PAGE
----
Welcome to Guinea
With its surprising natural beauty and off-the-radar status, Guinea is the Africa destination for those who truly want to escape into the wild. You won’t find a lot of other tourists here, but you will find waterfalls, tiny hillside villages, mountain peaks, wide grasslands and thick forests – all of which are ripe for your discovery.
In the capital of Conakry, visit St. Mary’s Cathedral and the National Museum of Guinea to center yourself, then move on to the Iles de Los for the archipelago’s golden-sand beaches and mangroves. Venture into the National Park of Upper Niger or the Fouta Djallon Highlands to commune with chimpanzees or marvel at ancient sandstone rock and meet the Mande peoples in their rustic farming communities.
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Need To Know
- Guinea boasts 200 miles of coastline and beautiful beaches. The most famous are those at Cape Verga and Les de Los.
- Guinea used to be French Guinea – it was a French colony for almost 70 years before gaining independence in 1958.
- Much of Guinea is protected for conservation of wildlife and forest – about 33,793 square miles. This includes three national parks.
- Twenty-two West African rivers have their origins in Guinea, including the Niger, Gambia and Senegal rivers.
- The capital city of Conakry, the electricity is on only a few hours a day.
Guinea’s official language is French.
When To Go
The best time to go to Guinea is November to April.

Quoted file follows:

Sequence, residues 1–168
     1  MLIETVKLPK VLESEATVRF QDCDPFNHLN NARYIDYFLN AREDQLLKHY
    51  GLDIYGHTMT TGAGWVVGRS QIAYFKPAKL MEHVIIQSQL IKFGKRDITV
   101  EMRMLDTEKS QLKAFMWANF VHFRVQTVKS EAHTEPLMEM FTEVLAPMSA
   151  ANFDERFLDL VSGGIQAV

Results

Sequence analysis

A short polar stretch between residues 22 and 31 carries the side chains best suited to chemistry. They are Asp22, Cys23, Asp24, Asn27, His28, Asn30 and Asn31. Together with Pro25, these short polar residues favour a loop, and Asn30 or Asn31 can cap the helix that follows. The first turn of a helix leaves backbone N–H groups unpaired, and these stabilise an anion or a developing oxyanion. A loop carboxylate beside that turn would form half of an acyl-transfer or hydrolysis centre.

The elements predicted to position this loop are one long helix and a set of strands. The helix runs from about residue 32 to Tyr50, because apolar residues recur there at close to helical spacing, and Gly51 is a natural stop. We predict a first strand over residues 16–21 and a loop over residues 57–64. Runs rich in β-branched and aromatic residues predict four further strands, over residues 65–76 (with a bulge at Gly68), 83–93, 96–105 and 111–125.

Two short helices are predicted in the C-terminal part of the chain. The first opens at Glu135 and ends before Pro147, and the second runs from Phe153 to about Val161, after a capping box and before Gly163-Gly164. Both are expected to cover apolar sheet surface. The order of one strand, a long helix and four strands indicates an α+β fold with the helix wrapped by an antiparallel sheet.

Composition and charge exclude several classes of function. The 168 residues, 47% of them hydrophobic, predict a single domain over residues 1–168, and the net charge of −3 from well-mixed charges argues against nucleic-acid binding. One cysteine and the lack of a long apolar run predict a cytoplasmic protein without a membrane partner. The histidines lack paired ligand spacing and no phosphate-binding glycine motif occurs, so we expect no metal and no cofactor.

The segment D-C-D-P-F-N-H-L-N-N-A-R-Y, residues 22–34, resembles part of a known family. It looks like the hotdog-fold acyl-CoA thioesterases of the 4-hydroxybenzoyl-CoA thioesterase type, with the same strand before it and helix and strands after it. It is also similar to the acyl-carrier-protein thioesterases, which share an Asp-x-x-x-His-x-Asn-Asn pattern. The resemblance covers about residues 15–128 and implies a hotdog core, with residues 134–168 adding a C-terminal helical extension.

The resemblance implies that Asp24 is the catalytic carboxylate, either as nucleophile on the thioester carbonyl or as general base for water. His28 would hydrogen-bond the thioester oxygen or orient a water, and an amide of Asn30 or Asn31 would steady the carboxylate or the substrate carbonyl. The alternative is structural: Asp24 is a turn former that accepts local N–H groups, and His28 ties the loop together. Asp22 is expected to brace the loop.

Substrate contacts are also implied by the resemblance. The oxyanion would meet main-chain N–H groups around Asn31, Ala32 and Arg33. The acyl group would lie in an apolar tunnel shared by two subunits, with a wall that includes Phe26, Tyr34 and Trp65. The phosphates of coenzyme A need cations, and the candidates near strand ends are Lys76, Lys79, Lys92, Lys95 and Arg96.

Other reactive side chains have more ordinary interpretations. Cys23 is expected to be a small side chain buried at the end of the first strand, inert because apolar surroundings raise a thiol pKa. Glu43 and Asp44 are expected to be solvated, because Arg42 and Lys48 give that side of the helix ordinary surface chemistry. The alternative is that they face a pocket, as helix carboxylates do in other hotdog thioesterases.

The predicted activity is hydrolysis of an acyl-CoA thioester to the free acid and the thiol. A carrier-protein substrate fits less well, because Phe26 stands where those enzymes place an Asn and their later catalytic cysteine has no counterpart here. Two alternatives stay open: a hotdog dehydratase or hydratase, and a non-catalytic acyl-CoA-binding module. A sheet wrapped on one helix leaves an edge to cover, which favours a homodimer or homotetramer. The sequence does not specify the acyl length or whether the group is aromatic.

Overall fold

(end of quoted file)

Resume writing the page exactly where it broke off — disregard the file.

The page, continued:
Conakry International Airport
Passport must be valid at time of entry for six months beyond arrival date.
Visa Required By US Citizen?
The CDC recommends the following vaccine for all travelers when visiting Guinea: Measles and routine vaccinations. Most travelers should receive the Hepatitis A, Malaria, Yellow Fever and Typhoid vaccines. Some travelers should receive the Hepatitis B, Meningitis and Rabies vaccines.
Power plugs and sockets: types C, F and K. Standard voltage: 220V. Frequency: 50Hz.
The road network in Guinea is undeveloped, with only partially paved roads. Roads and vehicles are both poorly maintained, the road signage is insufficient and roads are often unlit. Livestock and pedestrians share the roadways. Do not drive after dark.
There is no reliable, safe public transportation in Guinea. Taxis, which include small cars and large vans, are not generally well maintained and are often overcrowded. Consider a hired vehicle and driver.
An international driving permit is required.
US Embassy Info
U.S. Embassy Conakry, Guinea
The U.S. Embassy is located in Koloma, Conakry, east of Hamdallaye Circle near Bambeto Circle at the following address:
P.O. Box 603
Transversale No. 2
Centre Administratif de Koloma
Commune de Ratoma Conakry, Republic of Guinea
Telephone: +(224) 655-10-4000
Emergency after-hours telephone: +(224) 657-10-4311
Fax: +(224) 655-10-42-97
Local Visitor Info
Local Emergency Phone Numbers
Safety and Security
The crime rate is high in Guinea. Purse snatching and other petty street robberies are common. Take standard safety precautions. Keep car doors locked at all times. Do not leave belongings unattended.
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